FORT SNELLING, Minn. –
More than 200 U.S. Army Reserve Soldiers, civilian employees, and contractors gathered at Fort Snelling, Minn. from May 9-11 to discuss and improve the Army Reserve’s resilience and sustainability. Directorate of Public Works personnel from across the force attended Army Reserve Mission Resilience and Sustainability (ARMRS) Training hosted by the Army Reserve Installation Management Directorate, Office of the Chief of the Army Reserve, at the 88th Readiness Division’s facilities on Fort Snelling.
The purpose of the training was to improve communication and cooperation between different elements of the Army Reserve’s Engineer Corps: energy, water, solid waste, environmental, and real estate programs, in order to better serve units through facility construction and maintenance.
“We started ARMRS in 2017 after a year of planning because we recognized the criticality of our infrastructure and our facilities in the army reserve needing to be both resilient and sustainable so that we can do the army reserve mission and support our citizen soldiers not only now in the present, but also that we were making the right decisions to support them into the future,” said Paul Wirt, Chief of the Sustainment and Resilience Division, Army Reserve Installation Management Directorate. “That’s where that sustainability aspect comes in, is making sure we have the ability to do both.”
The training consisted of multiple tracks where personnel from different parts of the field came together to learn the newest processes, share information, and learn from not only leading subject matter experts in the Army Reserve ranks, but also each other.
During the closing remarks for the event, Mr. Paul Farnan, the Principal Deputy Assistant Secretary of the Army for Installations, Energy and Environment addressed the staff and participants, and took questions from the field. He talked about his experiences in installation management and told the participants that they are some of the most important people in the Army when it comes to what they do. “That’s why I’m here. That’s why I go visit installations as much as I can. I can sit in the Pentagon and write policy and dictate it down to you guys,” said Farnan. “But I’ve been there before. I’ve been a junior officer on the receiving end and sometimes you just have to laugh because it’s not physically possible to do this.” Farnan noted the significance of ARMRS training as a way to help standardize the way departments interface with each other and solve problems, minimize spending, and keep facilities and training areas usable and available for training and completing the Army Reserve mission. “Where the rubber meets the road, where the Soldiers are living, working, training… where the money is being spent, that’s where the problems are in the Army Reserve. That’s why I want your feedback.”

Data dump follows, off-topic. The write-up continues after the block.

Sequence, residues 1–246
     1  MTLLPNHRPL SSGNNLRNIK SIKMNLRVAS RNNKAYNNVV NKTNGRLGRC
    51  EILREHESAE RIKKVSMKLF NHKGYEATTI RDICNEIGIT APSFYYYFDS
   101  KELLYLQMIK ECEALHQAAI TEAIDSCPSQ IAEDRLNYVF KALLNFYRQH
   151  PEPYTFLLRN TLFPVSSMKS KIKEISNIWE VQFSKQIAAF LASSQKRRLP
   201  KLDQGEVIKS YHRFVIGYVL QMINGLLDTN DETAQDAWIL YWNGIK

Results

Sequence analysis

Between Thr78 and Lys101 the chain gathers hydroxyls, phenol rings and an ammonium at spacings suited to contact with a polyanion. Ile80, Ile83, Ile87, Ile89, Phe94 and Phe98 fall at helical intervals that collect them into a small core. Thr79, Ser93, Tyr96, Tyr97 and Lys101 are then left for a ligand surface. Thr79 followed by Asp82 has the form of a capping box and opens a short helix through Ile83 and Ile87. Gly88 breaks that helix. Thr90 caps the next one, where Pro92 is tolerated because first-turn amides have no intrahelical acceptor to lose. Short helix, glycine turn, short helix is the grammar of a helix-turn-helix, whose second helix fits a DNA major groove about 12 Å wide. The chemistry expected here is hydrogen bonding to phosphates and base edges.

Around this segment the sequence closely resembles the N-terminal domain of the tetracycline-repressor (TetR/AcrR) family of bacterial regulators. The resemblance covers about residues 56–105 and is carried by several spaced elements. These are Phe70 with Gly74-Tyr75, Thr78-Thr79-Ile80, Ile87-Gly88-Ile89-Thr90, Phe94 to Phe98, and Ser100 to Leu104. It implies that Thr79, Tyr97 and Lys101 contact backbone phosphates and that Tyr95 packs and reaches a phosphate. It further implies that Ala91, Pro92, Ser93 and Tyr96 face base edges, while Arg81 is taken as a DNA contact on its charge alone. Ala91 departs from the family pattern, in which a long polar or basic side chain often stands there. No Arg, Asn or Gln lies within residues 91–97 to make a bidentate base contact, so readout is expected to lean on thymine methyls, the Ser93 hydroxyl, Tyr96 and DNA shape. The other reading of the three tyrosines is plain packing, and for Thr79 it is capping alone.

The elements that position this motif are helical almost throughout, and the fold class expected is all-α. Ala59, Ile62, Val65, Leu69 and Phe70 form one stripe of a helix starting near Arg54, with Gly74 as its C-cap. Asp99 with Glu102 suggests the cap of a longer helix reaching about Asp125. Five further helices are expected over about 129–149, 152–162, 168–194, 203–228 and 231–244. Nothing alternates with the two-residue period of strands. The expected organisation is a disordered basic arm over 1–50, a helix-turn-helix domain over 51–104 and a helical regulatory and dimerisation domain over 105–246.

The event culminated with several individuals and teams being recognized for their contributions to the field by Mr. Stephen Sullivan, the Director for Resources, Installations, and Materiel for the Office of the Chief of the Army Reserve. “The Army Reserve is leading the way for the Army and the Joint Force, because we’re constantly being asked ‘Can you do this, or Can you share what you’re doing?’ because it’s something that they want to spread across the Army. So we are setting the standard, and it’s really you and all the teams you’re working with at your installations and back at the [Readiness Divisions.]”
This is the third iteration of training since it started. The first session was in conjunction with Arizona State University, and the second was held at Fort Carson, Colorado in 2019. The COVID-19 pandemic halted the 2021 session, so participants and organizers were excited to get together once again. With the success of this year’s ARMRS training, it is expected that there will be another session in about two years.